From regulations to patient experience, there are a plethora of factors that should be considered prior to planning the design of a medical office building. Since these projects have such a wide variety of factors to consider, the design phase of these projects is an incredibly strategic job. Below, Peter Barden, Hourigan’s Design Manager, dives into four factors to keep in mind when designing a medical office building:
A Medical Office Building is considered a “business-use” structure according to the International Building Code, but it is still a medical outpatient facility. As such, it is important to determine if the client expects to bill against Medicare/Medicaid. If so, the facility is under Joint Commission Review and must comply with the “Guidelines for Design and Construction of Outpatient Facilities” as identified by the Facility Guidelines Institute (FGI). These guidelines place additional requirements on the facility, from minimum room sizes, to plumbing fixture requirements, to additional safety (patient & staff) measures. These additional requirements in the guidelines typically come with additional cost.
For any project, a client & the client’s staff (end-users) will have a list of requirements, goals, and desires for the project, which is referred to as the project’s program. These requirements can be minimum areas for rooms, desired number of toilet facilities, and a narrative regarding the anticipated look and feel of the finished space. With regards to a medical office building, it is critical to confirm the client’s program has been validated with the end-users.If the program has not been validated, or if the program needs to be developed, additional time must be allotted at the project’s infancy to confirm or develop the program. Without a validated program, the final built product will fall short of the client’s and its staff’s expectations.
In the same vein, confirm if the client has an operational model in place. In other words, does the client know how the building will run on a day-to-day basis? From taking deliveries, to base-building maintenance (trash collection, cleaning, physical building maintenance), to how staff and patients will travel through the space (information/greeter desk, waiting spaces, etc.), operational models are an extremely important component that can have significant design implications to a project. Operational models should also take into consideration the implementation of technology (computers, interoperability, heads-up displays in exam rooms, etc.) and registration methodologies. If an operational model is NOT in place, consider the risk associated with moving forward in the design phase versus stopping work until the program and/or operational model has been validated. In most situations, an unvalidated program without an operational plan is at extremely high risk for scope creep and cost increase.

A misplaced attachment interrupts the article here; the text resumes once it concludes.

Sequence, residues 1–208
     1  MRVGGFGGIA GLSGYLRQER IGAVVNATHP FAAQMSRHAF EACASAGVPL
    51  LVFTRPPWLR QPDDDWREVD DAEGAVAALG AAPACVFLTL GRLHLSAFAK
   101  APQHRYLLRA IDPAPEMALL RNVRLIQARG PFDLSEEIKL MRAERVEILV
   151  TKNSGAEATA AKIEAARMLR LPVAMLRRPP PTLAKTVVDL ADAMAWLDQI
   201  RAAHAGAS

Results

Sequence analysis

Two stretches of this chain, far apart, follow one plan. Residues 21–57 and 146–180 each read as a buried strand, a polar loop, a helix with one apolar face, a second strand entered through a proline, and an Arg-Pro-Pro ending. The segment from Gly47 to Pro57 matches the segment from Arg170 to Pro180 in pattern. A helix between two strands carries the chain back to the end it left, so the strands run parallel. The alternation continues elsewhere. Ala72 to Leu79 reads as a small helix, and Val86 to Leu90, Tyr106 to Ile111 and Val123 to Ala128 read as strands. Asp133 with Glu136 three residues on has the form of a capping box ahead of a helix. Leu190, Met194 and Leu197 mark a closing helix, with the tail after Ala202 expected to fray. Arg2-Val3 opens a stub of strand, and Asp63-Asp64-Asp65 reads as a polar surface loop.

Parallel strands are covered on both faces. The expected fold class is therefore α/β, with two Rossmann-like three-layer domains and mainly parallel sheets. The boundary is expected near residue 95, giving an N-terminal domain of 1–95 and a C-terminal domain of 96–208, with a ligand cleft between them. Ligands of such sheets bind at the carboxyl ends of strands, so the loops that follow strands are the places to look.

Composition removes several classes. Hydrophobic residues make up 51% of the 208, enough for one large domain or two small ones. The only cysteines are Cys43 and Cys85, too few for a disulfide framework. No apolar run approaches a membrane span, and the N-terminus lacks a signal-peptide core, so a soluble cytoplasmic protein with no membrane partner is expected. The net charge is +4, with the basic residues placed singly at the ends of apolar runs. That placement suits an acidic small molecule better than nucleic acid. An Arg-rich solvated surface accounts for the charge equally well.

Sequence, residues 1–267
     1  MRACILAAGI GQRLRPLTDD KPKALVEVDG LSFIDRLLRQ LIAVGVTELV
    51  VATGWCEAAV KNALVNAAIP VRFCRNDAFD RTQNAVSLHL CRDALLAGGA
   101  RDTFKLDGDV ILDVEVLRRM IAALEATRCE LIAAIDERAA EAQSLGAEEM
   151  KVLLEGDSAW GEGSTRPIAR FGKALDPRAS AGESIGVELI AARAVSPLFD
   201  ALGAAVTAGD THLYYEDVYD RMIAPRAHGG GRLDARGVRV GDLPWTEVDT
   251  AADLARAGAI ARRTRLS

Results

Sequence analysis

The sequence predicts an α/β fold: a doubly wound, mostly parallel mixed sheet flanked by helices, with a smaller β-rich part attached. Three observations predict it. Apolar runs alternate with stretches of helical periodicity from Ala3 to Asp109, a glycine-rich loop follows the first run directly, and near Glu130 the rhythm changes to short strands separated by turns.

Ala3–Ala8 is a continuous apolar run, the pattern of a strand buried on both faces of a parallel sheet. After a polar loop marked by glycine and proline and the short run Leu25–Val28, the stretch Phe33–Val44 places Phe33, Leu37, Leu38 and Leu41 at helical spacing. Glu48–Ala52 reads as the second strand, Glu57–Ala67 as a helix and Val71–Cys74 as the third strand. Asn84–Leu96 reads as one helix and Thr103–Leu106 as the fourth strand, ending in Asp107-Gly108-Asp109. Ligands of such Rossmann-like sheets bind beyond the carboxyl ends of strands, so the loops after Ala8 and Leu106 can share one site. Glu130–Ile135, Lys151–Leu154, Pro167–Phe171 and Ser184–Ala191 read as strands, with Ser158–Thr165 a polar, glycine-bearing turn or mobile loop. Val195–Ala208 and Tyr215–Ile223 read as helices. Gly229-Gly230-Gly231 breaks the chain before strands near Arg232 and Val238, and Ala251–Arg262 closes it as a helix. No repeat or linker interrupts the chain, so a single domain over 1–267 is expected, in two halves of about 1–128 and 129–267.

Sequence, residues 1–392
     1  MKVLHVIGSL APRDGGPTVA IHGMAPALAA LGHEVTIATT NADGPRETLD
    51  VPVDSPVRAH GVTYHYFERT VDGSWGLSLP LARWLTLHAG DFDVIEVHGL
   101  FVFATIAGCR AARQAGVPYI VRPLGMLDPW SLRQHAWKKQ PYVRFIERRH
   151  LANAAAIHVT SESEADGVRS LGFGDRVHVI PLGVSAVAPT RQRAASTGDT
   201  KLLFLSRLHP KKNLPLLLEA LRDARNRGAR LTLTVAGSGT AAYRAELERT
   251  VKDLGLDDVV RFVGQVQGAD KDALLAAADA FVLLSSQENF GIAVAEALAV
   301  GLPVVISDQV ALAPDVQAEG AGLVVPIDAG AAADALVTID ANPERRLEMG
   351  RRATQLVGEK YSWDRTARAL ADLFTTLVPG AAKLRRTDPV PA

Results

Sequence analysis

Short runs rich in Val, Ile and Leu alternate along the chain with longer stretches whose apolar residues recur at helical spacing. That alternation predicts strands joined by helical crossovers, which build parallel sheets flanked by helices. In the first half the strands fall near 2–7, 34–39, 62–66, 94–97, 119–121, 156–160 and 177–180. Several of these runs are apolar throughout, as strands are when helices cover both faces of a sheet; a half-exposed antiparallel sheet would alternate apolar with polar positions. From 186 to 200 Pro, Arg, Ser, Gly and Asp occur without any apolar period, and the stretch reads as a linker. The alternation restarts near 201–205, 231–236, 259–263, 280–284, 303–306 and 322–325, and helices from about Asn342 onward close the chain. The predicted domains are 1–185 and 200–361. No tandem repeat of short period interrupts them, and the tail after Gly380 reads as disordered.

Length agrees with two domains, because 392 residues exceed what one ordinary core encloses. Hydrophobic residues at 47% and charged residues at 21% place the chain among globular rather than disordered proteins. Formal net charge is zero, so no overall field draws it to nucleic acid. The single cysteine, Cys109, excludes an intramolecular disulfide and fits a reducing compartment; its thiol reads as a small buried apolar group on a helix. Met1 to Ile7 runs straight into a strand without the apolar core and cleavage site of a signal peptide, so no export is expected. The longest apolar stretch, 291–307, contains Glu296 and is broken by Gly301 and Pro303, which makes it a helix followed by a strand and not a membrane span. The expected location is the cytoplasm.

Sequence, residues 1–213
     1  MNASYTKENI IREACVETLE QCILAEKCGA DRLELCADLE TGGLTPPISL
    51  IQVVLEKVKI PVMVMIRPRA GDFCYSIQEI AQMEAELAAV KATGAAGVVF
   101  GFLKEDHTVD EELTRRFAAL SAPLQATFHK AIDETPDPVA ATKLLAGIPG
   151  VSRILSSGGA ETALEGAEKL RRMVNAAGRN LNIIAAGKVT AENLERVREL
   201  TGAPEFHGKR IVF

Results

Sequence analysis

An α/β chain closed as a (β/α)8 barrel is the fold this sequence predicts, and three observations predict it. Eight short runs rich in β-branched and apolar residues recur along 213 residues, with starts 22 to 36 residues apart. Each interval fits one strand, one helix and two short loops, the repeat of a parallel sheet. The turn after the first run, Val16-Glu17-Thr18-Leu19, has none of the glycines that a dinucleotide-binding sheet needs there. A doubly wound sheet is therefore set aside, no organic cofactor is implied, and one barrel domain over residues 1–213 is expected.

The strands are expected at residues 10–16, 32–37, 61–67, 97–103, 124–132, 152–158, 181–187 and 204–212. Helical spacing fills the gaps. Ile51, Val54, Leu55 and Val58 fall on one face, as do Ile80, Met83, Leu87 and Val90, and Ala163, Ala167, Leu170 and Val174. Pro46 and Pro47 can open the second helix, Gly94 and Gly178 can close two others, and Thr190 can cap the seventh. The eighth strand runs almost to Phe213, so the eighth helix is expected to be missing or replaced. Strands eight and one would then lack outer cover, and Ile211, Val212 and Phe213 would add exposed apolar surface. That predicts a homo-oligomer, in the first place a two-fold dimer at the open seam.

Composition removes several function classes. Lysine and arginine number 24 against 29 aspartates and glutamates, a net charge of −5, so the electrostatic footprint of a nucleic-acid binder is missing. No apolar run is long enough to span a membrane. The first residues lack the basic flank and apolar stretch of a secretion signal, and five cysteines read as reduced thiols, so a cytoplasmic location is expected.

For any medical facility complying with FGI Standards, various acoustic remediation measures must be taken based on room usage and room adjacencies. The walls that bound the rooms must be rated for a certain Sound Transmission Coefficient (STC). For instance, an exam room adjacent to a public waiting space requires a higher STC in the common wall than the common wall between two exam rooms. Regardless of FGI Standards, the client and design team should seriously consider the STC of their spaces. This not only helps maintain privacy to avoid any issues related to doctor-patient confidentiality under HIPAA, but also ensures that the building is a peaceful environment for both medical professionals and patients.
In addition to the STC, the building exterior, or envelope, must be considered with regard to the Outdoor-Indoor Transmission Class (OITC)—or the transmission rate between interiors and exteriors of a structure. While the FGI stipulates a prescriptive method (addressing each component separately) for determining the envelope OITC, it is recommended that the client or design team retain services for ambient sound monitoring. By having the background noise level measured, a proper classification can be determined. In many cases, acousticians have found that the site sound test actually reduces the site classification (which can be “severe,” “moderate,” or “minimal”) to the next tier. Since any site classification above “minimal” requires additional consideration for both wall and window construction, having the ambient sound level classified can potentially save money on a project.
Material considerations in a medical space—office or otherwise—are a key component to addressing cleanability and infectious disease control. In most cases, the FGI will govern what materials are permitted. However, the client may have an internal regulatory team that is more restrictive regarding finishes allowed in the facility. Inquiring about any internal regulatory groups early is important so that they can be engaged as early as possible. This, too, can be a costly item if the improper materials are installed and must be replaced prior to opening the project.
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